Sometimes the immune system overreacts to an infection. This mysterious condition is known as sepsis. Each year, more than a million people in the United States alone develop sepsis. And somewhere between a fourth and half of them will go on to die from it. But researchers have come up with a new tactic to attack these infections. They plan to filter germs from the blood. And it may only take simple tools: magnets and nano-bits of iron.
An infection anywhere in the body can trigger sepsis. Bacteria are usually to blame, although sometimes the source may be viruses or microscopic fungi. The worst cases tend to spread through the bloodstream. (That helps explain why sepsis is commonly, but wrongly, nicknamed “blood poisoning.”) Having so many possible causes makes sepsis tough to treat, says Gerald Pier. He’s a microbiologist at Brigham and Women’s Hospital in Boston, Mass. He also teaches nearby at Harvard Medical School.
Before doctors can treat sepsis, they must identify the germ responsible. So they will collect some blood and then send it to a lab. There, technicians multiply the microbes until there are enough to find them and identify them. That may take hours. And during that time, the sepsis may worsen dramatically. But Pier and some colleagues have an idea on how to start treating the bacteria even before they identify the germ.
The immune system uses antibodies to attack bacteria and viruses. These antibodies are proteins that latch onto the invaders as they’re carried around the body in blood. Like flags, antibodies make the microbes more visible to white blood cells. Then those white blood cells surround and consume the intruders.
Often, each antibody works against only one type of microbe, explains Pier. But his group developed a single antibody that is able to recognize nine of the 10 most common sepsis-causing bacteria.
Still, antibodies alone aren’t enough. So others on the team invented a way to make the antibody stick to tiny particles of iron oxide. (Iron oxide is the scientific name for rust. And it is magnetic.) If those antibody-coated iron bits were mixed into a patient’s blood, the scientists reasoned, bacteria should stick to them. Then magnets could pull the iron particles from the blood — along with the bacteria that had glommed onto them.
Inge Katrin Herrmann is a chemical engineer at Empa in St. Gallen, Switzerland. (Empa is a short name for the Swiss Federal Laboratories for Materials Science and Technology.) The team that she and Pier are part of described their research in the November 28 Journal of Materials Chemistry B.
The researchers tested the concept with a blood-like solution.
Staphylococcus aureus bacteria are a major cause of sepsis. The researchers added different amounts of these germs to the liquid. Some solutions held just 100 S. aureus bacteria per milliliter. Others had 1,000 or 10,000 bacteria per milliliter. (For comparison, there are about 5 milliliters in a teaspoon.) Then the researchers added antibody-coated iron oxide particles to the solutions. The particles were about 300 nanometers (billionths of a meter) across. That’s smaller than most bacteria, which are usually a few micrometers (millionths of a meter) long.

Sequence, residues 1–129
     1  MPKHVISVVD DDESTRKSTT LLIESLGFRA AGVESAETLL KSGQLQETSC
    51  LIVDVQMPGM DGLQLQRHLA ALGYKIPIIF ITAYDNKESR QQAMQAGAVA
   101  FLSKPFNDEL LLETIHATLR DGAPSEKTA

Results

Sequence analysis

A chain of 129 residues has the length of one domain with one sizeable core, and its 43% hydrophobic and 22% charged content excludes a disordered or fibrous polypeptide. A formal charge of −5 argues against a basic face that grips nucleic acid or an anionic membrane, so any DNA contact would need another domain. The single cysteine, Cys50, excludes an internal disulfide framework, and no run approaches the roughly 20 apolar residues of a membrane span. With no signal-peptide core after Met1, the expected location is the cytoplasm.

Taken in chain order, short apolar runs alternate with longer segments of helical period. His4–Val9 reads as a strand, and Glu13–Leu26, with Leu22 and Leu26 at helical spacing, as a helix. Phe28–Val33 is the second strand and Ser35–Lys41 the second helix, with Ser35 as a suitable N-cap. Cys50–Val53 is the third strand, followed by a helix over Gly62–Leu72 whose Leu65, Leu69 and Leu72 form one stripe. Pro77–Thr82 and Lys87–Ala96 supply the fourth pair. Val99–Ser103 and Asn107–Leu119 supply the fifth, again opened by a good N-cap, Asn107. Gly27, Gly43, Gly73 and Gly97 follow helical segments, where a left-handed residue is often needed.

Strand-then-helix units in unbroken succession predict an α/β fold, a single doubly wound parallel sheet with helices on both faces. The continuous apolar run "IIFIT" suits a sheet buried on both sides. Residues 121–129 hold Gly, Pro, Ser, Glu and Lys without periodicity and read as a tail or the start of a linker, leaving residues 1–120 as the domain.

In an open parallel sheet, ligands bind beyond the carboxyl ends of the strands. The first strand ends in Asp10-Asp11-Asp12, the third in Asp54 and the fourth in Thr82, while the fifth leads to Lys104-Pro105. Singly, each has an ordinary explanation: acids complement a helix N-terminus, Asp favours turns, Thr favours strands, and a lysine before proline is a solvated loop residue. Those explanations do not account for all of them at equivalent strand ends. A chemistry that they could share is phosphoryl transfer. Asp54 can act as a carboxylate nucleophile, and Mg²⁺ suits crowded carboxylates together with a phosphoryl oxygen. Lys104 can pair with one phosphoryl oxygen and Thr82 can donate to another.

After about 10 minutes, the antibody-coated nanoparticles had trapped at least 98 percent of the bacteria.
In the future, treating a patient would probably require using this germ-filtering strategy outside of the body, says Pier. Infected blood would be pumped through a machine. Magnets in the machine would remove the germs as they became coated with the iron-oxide and antibody mixture. The process would be a bit like dialysis, a treatment for severe kidney disease, explains Pier. In dialysis, a patient’s blood runs through a machine that removes wastes and extra water.
This filtering may sound complicated. But it would let doctors treat patients more quickly than current methods, says Herrmann. “We can remove what is in the bloodstream without having to identify it,” she says.
Besides removing bacteria from blood, the magnetic filtering would concentrate the bacteria. And that could speed up the process of identifying them, says Pier. Once doctors know what germ they’re dealing with. Then they can choose the proper drug to treat it.
Alan Cross is a doctor who specializes in infectious diseases at the University of Maryland School of Medicine in Baltimore. “This is an interesting concept, but it needs further testing,” he says. Magnetic germ removal still hasn’t been tested yet in animals or people, he notes. Such tests might reveal problems that don’t show up when using only cells or blood. For instance, the team’s tests suggest that bacteria attached to tiny iron particles stay alive. If these germs slipped by the magnets and reentered the body, they would likely migrate to the liver. (That organ is the body’s natural blood filter.) Once stuck there, the bacteria might grow and continue to foster infection.
Pier and Herrmann don’t think the germ-coated particles would get much chance to reenter the body. And even if they did, the researchers say, blood is slightly acidic. So it should soon dissolve the particles.
Cross also points to another potential problem. Treating a patient could take huge numbers of tiny iron particles. In the team’s tests, the researchers added about 10 billion particles to each milliliter of blood. But there are about 5 liters (1.3 gallons) of blood in the human body, notes Cross. So it would take about 50 trillion particles of iron to treat that much blood. “I’m astounded by the numbers,” he says.